It’s been a tough year for kids, including mine. Tough year for parents, including me. Tough year for educators. Guess who’s not having a tough year?

Multi-zillion-dollar tech corporations, that’s who. The smoke-choked, politically divided, pandemic mess that is 2020 has brought riches of users and data to companies that make money from digital device use. If you’re Fortnite, Amazon, TikTok, or Google, this year is for you!

For the rest of us? Dang, 2020 suuuuuucks. We don’t have normal concerts and parties and school. Fun vacations and hugs from grandparents are a rarity. It’s understandable that we’d turn to some extra tech for comfort, though we know it’s kinda unhealthy.

Our family usually shuts off devices from sundown Friday to sundown Saturday. That way we get 24 hours of real presence and together-time. It’s called Digital Shabbat.

Even something so basic feels harder to do nowadays. This week we cheated, leaving my husband’s phone on in case my family in Lane County had to evacuate. By Saturday night I was glued to the fire websites, weeping over the loss of my favorite spot on the McKenzie River.

Kinda unhealthy, yes. Also understandable, given the circumstances. But what if our tech use in general goes far beyond kinda-unhealthy? What if we’ve entered an era of deep, corrosive wrongness that’s destroying our culture, our democracy, and our kids?

Experts believe we have entered that era. People are starting to catch on. Soaring into the Top Ten on Netflix this week came a documentary called “The Social Dilemma.” It features high-level technologists from companies like Google, Twitter, Pinterest, and Facebook/Instagram/Whatsapp.

These folks were trying to create something good — or at least cool — while making lots of money. Instead they created a monster.

Big-name investor Roger McNamee explains that for 50 years, tech companies made money selling hardware and software — a nice, simple business. Then everything changed.

“For the last 10 years,” he says in the film, “the biggest companies in Silicon Valley have been in the business of selling their users.”

Wait, what? Who?

Yep, they are selling us. We the People. They’re not just selling ads targeted at us. They’re not just selling information about us. They are selling our attention and behavior — which they’re remarkably good at nudging, shifting, and changing.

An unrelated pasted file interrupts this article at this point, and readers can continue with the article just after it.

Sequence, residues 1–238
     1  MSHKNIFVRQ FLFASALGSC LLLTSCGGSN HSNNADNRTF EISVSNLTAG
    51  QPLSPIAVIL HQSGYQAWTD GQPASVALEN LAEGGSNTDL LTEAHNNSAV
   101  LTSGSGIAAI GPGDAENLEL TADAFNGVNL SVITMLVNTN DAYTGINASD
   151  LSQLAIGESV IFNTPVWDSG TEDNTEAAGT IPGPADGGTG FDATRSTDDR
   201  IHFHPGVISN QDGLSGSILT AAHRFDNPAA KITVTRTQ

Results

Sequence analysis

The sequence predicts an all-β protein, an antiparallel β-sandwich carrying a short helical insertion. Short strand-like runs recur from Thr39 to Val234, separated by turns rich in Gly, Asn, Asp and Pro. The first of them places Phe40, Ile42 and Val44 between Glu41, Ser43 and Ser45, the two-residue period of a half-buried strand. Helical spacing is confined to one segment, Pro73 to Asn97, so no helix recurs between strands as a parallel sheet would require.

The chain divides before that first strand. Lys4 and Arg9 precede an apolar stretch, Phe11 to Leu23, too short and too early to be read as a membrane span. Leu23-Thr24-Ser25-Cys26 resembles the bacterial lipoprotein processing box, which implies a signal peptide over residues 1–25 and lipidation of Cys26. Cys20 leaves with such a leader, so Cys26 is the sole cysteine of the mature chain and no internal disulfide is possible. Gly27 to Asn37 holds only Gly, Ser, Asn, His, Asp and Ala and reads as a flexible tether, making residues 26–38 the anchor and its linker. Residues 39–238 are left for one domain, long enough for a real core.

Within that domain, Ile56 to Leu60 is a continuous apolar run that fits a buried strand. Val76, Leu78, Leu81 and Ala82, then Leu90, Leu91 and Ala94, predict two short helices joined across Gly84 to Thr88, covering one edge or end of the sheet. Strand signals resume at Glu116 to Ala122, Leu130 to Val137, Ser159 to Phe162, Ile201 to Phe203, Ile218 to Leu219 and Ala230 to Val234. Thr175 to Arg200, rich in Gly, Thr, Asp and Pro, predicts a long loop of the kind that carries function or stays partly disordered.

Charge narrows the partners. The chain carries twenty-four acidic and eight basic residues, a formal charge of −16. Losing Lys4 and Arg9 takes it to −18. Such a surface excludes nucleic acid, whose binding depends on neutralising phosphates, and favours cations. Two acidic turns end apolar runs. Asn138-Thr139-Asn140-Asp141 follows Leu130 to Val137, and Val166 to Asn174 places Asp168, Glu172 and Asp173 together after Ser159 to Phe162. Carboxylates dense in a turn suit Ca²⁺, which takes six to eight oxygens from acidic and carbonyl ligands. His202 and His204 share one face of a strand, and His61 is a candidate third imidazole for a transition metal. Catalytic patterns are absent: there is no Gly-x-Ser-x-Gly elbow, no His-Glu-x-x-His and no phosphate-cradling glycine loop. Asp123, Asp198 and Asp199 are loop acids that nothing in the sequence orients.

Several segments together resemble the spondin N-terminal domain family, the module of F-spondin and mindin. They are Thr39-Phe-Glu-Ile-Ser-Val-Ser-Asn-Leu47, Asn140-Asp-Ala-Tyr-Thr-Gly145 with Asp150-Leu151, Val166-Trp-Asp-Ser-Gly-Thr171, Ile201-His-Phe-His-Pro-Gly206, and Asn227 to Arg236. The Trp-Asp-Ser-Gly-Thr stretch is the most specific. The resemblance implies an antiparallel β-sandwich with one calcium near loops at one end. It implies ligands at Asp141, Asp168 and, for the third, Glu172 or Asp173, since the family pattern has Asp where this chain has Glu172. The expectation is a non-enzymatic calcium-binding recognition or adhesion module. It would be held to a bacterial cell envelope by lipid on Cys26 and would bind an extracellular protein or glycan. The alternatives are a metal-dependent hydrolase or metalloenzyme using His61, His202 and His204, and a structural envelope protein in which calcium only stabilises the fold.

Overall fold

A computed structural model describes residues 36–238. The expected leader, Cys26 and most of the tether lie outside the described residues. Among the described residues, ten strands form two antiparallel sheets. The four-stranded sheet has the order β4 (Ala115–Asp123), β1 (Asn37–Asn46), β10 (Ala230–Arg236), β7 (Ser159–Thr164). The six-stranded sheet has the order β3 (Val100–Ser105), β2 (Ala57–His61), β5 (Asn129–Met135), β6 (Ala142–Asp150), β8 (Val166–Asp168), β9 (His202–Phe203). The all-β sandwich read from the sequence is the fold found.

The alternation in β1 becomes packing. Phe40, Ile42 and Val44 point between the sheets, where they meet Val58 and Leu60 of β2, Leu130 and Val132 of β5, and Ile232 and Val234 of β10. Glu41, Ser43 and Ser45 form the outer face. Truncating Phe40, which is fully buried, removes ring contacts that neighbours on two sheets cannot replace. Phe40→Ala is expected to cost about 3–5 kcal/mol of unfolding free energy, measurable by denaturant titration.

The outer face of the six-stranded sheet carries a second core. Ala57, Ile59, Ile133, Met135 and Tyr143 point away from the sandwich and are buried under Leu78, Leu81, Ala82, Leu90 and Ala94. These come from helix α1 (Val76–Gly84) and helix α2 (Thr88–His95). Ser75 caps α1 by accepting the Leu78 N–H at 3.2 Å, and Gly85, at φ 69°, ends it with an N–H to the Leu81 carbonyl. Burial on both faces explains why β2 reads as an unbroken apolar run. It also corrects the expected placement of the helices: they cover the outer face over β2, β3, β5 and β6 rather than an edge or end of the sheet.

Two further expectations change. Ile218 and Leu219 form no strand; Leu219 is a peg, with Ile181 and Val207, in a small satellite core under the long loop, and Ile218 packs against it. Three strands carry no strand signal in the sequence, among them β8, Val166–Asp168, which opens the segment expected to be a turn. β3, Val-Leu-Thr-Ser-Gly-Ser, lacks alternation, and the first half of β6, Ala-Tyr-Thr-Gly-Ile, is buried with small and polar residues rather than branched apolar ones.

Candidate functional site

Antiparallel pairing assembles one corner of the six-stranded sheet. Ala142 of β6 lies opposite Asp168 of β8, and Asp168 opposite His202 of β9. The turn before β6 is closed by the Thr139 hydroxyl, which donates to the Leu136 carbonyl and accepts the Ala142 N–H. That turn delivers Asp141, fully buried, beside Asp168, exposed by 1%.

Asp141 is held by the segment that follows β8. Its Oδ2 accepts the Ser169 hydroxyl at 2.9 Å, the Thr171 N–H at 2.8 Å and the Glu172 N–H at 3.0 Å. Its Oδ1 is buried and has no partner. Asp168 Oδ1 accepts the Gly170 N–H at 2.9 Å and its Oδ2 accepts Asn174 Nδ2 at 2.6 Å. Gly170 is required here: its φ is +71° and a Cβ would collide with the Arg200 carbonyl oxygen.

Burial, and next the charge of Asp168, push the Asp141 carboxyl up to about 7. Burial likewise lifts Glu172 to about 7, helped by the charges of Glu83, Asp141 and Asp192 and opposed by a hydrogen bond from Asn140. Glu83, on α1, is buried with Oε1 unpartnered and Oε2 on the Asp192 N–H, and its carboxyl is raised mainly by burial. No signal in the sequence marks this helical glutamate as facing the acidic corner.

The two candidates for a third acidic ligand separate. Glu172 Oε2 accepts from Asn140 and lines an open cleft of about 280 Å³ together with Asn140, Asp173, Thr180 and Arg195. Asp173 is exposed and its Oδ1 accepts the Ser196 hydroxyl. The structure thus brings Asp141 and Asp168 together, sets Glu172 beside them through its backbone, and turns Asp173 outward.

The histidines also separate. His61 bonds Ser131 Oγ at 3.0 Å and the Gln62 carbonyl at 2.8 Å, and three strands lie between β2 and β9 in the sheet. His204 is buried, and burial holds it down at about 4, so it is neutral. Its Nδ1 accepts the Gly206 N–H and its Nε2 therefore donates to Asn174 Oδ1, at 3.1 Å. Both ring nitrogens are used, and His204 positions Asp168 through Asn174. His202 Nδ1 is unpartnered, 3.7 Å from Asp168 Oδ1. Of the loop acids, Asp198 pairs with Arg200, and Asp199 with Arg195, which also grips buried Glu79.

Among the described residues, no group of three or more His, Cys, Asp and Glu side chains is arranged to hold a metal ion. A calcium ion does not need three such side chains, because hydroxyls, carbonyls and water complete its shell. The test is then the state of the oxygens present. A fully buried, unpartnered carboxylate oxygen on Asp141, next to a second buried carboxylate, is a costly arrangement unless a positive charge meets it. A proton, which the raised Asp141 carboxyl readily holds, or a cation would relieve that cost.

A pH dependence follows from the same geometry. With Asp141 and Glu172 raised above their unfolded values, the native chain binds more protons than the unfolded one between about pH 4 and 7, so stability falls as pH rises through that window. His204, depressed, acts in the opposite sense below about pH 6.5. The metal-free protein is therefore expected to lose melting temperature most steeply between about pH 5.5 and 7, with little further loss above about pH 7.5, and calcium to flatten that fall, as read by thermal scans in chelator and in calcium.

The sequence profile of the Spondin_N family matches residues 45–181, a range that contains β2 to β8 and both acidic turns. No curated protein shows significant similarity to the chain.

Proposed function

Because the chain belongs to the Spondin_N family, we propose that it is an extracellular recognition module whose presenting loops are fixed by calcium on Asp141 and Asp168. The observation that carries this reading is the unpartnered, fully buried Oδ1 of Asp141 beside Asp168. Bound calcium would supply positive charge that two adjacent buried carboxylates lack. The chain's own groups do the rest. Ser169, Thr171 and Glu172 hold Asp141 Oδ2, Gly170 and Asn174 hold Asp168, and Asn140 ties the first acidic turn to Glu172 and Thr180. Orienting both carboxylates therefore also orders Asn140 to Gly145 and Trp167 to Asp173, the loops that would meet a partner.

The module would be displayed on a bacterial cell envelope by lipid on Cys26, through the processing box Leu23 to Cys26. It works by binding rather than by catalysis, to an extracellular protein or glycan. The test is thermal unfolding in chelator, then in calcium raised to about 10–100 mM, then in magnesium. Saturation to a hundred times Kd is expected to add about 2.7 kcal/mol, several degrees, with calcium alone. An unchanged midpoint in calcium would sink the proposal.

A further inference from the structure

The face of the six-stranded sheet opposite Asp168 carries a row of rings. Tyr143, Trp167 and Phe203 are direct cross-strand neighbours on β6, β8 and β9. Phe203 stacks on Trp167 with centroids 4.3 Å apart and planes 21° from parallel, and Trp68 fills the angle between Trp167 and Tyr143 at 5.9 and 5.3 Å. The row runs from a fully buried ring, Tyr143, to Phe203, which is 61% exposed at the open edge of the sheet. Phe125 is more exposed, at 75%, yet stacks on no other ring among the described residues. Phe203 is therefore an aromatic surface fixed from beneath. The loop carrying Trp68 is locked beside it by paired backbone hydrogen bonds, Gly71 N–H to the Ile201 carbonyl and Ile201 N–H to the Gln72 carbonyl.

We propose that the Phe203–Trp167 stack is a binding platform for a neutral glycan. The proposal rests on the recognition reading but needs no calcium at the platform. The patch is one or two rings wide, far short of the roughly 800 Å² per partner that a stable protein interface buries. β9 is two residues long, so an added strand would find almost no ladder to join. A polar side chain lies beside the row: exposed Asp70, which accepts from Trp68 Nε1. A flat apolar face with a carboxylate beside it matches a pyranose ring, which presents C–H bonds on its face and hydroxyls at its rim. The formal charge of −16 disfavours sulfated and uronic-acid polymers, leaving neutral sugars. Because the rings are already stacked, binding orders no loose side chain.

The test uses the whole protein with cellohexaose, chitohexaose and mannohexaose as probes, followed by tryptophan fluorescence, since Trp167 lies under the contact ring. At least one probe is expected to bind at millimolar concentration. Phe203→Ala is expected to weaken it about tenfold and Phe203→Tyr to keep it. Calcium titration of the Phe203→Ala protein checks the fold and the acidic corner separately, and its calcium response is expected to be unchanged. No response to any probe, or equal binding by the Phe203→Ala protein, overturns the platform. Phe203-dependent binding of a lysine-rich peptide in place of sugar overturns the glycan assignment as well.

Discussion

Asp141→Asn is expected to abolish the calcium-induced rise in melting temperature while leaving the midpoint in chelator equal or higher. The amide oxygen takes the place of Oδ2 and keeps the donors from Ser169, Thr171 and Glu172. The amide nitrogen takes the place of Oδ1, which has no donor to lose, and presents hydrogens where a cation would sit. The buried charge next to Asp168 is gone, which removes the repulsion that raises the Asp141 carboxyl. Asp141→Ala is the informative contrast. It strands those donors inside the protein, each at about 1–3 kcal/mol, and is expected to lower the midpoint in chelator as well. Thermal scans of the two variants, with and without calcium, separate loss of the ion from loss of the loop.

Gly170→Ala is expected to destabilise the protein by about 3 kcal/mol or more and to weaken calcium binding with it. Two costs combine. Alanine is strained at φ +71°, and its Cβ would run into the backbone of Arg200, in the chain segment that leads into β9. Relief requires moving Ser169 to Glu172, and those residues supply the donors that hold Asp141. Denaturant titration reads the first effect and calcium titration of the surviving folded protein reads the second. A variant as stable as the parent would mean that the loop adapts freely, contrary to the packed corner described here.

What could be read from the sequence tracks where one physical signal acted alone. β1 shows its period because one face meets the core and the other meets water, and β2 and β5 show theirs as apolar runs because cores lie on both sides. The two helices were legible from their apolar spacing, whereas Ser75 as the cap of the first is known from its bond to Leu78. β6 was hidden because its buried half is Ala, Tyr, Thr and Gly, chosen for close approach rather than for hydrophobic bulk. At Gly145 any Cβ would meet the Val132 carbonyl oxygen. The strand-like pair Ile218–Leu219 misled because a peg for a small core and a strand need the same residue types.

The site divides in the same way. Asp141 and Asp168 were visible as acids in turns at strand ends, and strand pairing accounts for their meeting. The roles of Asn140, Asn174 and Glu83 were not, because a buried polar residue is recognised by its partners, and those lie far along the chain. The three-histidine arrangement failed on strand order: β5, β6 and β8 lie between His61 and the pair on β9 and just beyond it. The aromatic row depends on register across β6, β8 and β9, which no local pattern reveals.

They’re selling our choices, our focus, and our future. Even the people who build the technology find themselves unable to resist its influence. Brewing a great beer doesn’t make your liver magically immune to alcohol.

Tech giants unleash a constant barrage of scientific experiments on users. As the wolf told Little Red Riding Hood: the better to manipulate you with, my dear.

“You are a lab rat,” explains Sandy Parakilas, former operations manager at Facebook and product manager at Uber. “We’re all lab rats.”

He points out that we’re not lab rats for something positive, like developing a cure for cancer.

“We’re just zombies,” he says, “and they want us to look at more ads so they can make more money.”

Call it Big Data or call it Surveillance Capitalism. In the end, tech companies are selling you and me. They not only learn everything about our behavior — who our friends are, where we drive, what images we look at, what links we click — they modify that behavior. Being aware of the manipulation does little to prevent?it.

They’re selling our kids, too. Parents who try to be responsible about their kids’ screen time are finding it hard during Covid. When we checked in with Sisters School District last week, we were handed a Google Chromebook and a login to the Canvas platform.

Canvas is a cloud-based learning management system that received a crummy privacy rating of 63 percent and a Warning label from Common Sense Media. The Chromebook tablet allows Google to aggregate behavior data about children worldwide, insuring a lifetime of future corporate earnings.

Most users have no idea how their data is used and abused. I don’t have that excuse. I’ve been researching and sounding the alarm about all this for several years. I quit social media and Amazon Prime. We don’t play video games. Geolocation is turned off on my phone. Etcetera.

But my family still gets sucked in. Trapped in our house (that we are fortunate to have), keeping distance (from germs and humans alike), looking through pea-soup smoke at a dim salmon-orange dot in the sky (apparently it’s called the sun), it’s hard to imagine disconnecting any further.

And so the Chromebook comes on for math. Zoom — notorious for privacy problems — brings relatives together for video chats. YouTube — one of the worst tech media offenders — offers groovy old music videos. A series on Netflix takes our minds off the social infrastructure crumbling around us.

Glued to my screen, falling down the rabbit hole, I can almost believe that 2020 is tolerable. Yeah, sure. It’s been a great year.